Bake until centers spring back when lightly touched, 35 to 40 minutes. Cool cakes in pans on a wire rack for 30 minutes. Flip the cakes out of the pans, and let them continue to cool, top side up, until they reach room temperature. Leave the parchment paper on the layers until ready to assemble the cake.

While the layers cool, prepare your frosting (recipe follows). When cakes are completely cool, remove parchment paper and frost as for a layer cake. You can prepare as two layer cake, or cut each layer in half horizontally and frost as a 4 layer cake.

Mother's Chocolate Frosting

Makes 2 cups (double this recipe for a 4 layer cake)

1/2 cup butter

1/3 cup milk
6 tablespoons baking cocoa
1 (16 oz.) box powdered sugar (I always sift; there are usually lots of little lumps)
1 teaspoon vanilla 

In a medium saucepan, cook first 3 ingredients over medium heat, stirring constantly, until butter melts. Remove from heat. Using an electric hand mixer, beat in the powdered sugar and vanilla at medium speed until smooth and of desired consistency, scraping sides frequently. Frost as desired.

Make a wish!

"The Classic" yellow cake recipe is from Vintage Cakes by Julie Richardson. Frosting recipe is courtesy of my Mom.

These cupcakes may have been taken to some of these fun parties!

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Creamy Cauliflower Potato Soup

On cold days, my grandmother would often make soup. It might be gray, cold, and dreary outside, but inside the house it would be warm and bright, and the windows would fog up. Eventually, little rivulets of condensation would run down the insides of the windows. I loved how that looked, because it meant that we were warm and cozy and safe inside the house. And there would be soup.

If there was soup, there would almost certainly be homemade biscuits or cornbread. And as long as the oven was on, there might even be pie. Soup days were the best.

A cold front came in the other day, so I made soup. I started out to make potato soup, but remembered there was a head of cauliflower that really needed to be used. So it became cauliflower potato soup, with a couple of carrots added for color.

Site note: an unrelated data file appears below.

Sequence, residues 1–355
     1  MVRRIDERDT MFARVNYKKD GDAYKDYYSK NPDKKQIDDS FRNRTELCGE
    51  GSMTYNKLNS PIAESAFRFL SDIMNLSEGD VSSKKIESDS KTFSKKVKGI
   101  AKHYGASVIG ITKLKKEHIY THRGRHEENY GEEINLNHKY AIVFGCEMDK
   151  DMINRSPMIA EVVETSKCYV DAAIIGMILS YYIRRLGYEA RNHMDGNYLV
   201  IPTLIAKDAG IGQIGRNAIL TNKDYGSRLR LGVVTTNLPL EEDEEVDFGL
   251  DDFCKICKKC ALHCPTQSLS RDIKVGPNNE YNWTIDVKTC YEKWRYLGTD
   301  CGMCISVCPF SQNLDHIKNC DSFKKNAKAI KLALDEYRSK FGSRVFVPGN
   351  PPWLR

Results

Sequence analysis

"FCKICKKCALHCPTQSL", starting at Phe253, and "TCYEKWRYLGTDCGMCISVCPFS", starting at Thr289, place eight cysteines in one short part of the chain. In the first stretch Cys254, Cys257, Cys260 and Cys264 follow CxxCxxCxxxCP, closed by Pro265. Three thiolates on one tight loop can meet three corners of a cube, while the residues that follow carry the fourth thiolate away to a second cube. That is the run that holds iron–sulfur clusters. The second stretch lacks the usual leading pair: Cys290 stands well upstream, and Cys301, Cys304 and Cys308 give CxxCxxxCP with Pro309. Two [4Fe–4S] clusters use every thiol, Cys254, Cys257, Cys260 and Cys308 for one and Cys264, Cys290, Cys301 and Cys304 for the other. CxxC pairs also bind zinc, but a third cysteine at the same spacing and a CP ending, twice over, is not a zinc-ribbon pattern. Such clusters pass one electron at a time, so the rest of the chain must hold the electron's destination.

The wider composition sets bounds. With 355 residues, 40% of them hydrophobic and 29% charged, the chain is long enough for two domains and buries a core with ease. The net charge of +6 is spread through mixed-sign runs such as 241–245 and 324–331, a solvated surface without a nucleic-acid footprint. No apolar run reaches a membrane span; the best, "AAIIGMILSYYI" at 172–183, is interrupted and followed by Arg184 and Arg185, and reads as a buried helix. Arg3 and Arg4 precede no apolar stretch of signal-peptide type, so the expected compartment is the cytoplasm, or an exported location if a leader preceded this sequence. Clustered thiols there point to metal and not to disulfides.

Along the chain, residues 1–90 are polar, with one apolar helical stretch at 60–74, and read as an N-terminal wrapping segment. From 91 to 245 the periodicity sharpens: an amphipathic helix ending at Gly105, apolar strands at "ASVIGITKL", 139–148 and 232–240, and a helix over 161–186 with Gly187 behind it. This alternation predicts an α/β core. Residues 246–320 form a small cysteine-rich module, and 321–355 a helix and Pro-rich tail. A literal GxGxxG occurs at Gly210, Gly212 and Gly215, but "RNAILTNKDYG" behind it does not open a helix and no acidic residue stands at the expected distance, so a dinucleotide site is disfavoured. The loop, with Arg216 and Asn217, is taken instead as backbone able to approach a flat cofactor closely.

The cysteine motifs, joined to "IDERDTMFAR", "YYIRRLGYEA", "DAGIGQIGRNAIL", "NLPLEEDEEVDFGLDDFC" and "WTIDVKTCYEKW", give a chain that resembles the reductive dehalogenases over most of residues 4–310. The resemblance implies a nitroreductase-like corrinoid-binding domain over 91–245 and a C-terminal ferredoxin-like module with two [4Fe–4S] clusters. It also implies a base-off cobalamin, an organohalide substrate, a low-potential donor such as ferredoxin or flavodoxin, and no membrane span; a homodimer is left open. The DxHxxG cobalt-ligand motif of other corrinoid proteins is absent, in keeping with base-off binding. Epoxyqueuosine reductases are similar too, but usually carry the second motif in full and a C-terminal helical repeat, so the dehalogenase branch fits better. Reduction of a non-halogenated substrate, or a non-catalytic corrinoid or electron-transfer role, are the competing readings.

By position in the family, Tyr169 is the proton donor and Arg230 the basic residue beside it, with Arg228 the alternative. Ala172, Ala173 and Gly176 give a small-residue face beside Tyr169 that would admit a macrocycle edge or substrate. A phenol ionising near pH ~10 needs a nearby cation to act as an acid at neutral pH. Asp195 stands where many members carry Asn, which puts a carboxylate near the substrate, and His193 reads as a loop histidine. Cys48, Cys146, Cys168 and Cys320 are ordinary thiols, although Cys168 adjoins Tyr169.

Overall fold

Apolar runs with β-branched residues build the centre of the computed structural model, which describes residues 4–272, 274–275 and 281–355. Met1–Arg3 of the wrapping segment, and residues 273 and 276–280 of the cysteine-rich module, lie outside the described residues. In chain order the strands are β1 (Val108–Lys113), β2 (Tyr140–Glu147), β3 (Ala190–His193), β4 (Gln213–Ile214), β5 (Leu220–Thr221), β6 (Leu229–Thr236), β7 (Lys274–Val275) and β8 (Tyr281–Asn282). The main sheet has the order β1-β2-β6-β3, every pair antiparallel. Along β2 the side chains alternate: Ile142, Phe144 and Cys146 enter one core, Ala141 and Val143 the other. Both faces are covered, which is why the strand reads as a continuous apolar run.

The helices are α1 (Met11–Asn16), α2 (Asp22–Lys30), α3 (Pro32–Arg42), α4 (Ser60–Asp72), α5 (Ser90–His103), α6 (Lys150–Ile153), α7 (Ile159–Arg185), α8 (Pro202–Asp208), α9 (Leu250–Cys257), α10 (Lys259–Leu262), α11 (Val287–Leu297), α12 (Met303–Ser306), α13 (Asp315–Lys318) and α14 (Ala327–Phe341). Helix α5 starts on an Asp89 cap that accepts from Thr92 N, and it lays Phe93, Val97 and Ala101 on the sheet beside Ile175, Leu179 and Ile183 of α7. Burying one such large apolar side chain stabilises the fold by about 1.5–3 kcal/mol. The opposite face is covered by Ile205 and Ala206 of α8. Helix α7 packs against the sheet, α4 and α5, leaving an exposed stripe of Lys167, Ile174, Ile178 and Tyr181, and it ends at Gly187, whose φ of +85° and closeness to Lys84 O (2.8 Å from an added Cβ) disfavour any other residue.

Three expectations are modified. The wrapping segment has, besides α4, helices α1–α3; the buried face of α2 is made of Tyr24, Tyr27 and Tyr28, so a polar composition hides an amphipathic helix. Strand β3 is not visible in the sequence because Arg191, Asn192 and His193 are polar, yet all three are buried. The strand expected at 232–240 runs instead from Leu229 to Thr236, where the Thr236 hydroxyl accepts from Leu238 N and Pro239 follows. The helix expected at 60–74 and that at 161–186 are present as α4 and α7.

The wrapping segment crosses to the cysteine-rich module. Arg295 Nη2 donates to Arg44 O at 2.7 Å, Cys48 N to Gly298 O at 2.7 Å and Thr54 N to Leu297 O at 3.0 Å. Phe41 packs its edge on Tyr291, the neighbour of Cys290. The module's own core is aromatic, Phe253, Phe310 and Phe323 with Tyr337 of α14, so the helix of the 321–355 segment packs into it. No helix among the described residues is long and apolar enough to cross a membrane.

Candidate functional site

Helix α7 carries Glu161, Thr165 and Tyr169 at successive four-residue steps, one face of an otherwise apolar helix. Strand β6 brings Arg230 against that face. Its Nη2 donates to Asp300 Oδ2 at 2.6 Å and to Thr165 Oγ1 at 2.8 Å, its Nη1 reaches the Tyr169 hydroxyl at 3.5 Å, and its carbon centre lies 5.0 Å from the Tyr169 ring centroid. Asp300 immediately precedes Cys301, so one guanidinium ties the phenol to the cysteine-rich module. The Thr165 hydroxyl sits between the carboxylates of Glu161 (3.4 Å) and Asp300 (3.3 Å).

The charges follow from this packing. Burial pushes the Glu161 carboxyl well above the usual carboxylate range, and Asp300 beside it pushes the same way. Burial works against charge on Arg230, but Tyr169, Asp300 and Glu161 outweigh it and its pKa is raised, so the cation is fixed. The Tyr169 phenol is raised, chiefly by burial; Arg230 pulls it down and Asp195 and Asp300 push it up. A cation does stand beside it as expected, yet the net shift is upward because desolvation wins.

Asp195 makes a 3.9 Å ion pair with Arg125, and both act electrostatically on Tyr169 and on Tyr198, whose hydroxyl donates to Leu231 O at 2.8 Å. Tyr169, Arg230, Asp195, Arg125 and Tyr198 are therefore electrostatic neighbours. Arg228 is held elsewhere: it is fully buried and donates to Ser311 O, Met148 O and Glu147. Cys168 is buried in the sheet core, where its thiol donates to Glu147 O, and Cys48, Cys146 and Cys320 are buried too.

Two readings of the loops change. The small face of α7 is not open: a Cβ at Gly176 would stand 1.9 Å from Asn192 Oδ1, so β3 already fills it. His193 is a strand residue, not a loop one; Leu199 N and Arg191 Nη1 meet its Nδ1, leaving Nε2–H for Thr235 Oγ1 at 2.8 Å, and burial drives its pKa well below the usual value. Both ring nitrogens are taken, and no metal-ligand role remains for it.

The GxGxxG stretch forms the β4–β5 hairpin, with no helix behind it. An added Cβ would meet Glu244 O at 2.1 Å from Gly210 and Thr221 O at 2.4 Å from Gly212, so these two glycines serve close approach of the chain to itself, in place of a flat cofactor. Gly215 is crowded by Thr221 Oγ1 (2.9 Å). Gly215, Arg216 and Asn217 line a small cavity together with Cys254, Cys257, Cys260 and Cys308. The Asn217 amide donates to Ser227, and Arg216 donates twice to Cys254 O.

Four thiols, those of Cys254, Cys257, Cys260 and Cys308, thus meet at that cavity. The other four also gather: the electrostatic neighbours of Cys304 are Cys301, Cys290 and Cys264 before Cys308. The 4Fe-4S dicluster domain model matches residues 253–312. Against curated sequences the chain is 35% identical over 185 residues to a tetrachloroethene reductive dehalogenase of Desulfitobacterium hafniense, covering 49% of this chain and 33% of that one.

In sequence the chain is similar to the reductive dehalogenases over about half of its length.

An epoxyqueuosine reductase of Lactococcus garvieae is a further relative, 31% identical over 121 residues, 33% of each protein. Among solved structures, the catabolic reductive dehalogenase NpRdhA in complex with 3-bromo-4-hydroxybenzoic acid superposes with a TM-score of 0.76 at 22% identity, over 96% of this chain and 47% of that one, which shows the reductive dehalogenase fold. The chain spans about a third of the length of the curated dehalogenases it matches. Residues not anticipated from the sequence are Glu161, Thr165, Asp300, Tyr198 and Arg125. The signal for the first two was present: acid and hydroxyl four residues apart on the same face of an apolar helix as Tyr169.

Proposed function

This soup is thick and creamy and satisfying. That's one of the great things about using your blender- you get the creamy texture and taste without actually using any milk or cream or butter. I had planned to include some cream or butter in the recipe, but it just didn't need it. You could always add a little if you wanted a richer taste. 

Don't be concerned about the rather long list of ingredients- most of it is seasonings.

Creamy Cauliflower Potato Soup

Makes about 2 1/2 quarts

* 1 large head of cauliflower, cut into florets
* 2 large russet potatoes, peeled and cut into approx. 1 inch chunks
* 2 large carrots, peeled and sliced into approx.   1 inch slices (basically, you just want all the veggies cut in pieces about the same size, so they'll cook evenly and get done at the same time)
* 2 cans (14.5 oz.) chicken broth (I used low sodium)
* 1 and 1/2 cans water (chicken broth can)
* 2 teaspoons jarred minced roasted garlic

* 1 bay leaf 
* 1 teaspoon salt
* 1/2 teaspoon celery salt
* 1/2 teaspoon sugar
* 1/8 teaspoon ground black pepper
* shredded parmesan cheese, for topping
* other toppings as desired, such as bacon, parsley, etc. 

Combine all ingredients in a large pot and bring to a boil. Cover and simmer on low heat until vegetables are tender, about 15 minutes (you might want them "crisp tender" to eat, but in this case, we're going to put them in the blender, so we want them fork-tender).

Remove pot from heat. Remove the bay leaf and discard. Working in batches (half a blender container at a time), blend the soup just until smooth. Taste and correct for seasonings. At this point, you could add 3 or 4 tablespoons of cream, or a couple of tablespoons of butter or olive oil, if desired.

Print Recipe

Sprinkle with a little parmesan cheese

It makes enough to share :)

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Rolls Italiano (Homemade Italian Yeast Rolls)

There's nothing quite like homemade bread. It's the quintessential "yesterfood": the aroma, the taste, the memories of a cozy kitchen with loved ones.

I was making chicken spaghetti the other night, and wanted just the right bread to go with it. I visited the Red Star Yeast website and found One-Hour Pan Rolls Italiano.